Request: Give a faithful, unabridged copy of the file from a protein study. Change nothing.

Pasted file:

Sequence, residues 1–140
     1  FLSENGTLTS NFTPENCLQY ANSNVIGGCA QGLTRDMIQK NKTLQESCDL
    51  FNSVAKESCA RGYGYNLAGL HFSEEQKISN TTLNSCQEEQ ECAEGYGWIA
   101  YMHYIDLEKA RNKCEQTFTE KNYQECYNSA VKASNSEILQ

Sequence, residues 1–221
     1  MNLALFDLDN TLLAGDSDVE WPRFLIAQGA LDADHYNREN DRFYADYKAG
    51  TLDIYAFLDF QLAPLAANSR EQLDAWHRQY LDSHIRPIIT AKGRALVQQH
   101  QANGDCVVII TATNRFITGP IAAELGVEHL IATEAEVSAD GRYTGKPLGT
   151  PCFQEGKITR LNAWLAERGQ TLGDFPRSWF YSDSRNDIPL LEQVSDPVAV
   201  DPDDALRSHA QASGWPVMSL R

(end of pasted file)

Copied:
Sequence, residues 1–140
     1  FLSENGTLTS NFTPENCLQY ANSNVIGGCA QGLTRDMIQK NKTLQESCDL
    51  FNSVAKESCA RGYGYNLAGL HFSEEQKISN TTLNSCQEEQ ECAEGYGWIA
   101  YMHYIDLEKA RNKCEQTFTE KNYQECYNSA VKASNSEILQ

Sequence, residues 1–221
     1  MNLALFDLDN TLLAGDSDVE WPRFLIAQGA LDADHYNREN DRFYADYKAG
    51  TLDIYAFLDF QLAPLAANSR EQLDAWHRQY LDSHIRPIIT AKGRALVQQH
   101  QANGDCVVII TATNRFITGP IAAELGVEHL IATEAEVSAD GRYTGKPLGT
   151  PCFQEGKITR LNAWLAERGQ TLGDFPRSWF YSDSRNDIPL LEQVSDPVAV
   201  DPDDALRSHA QASGWPVMSL R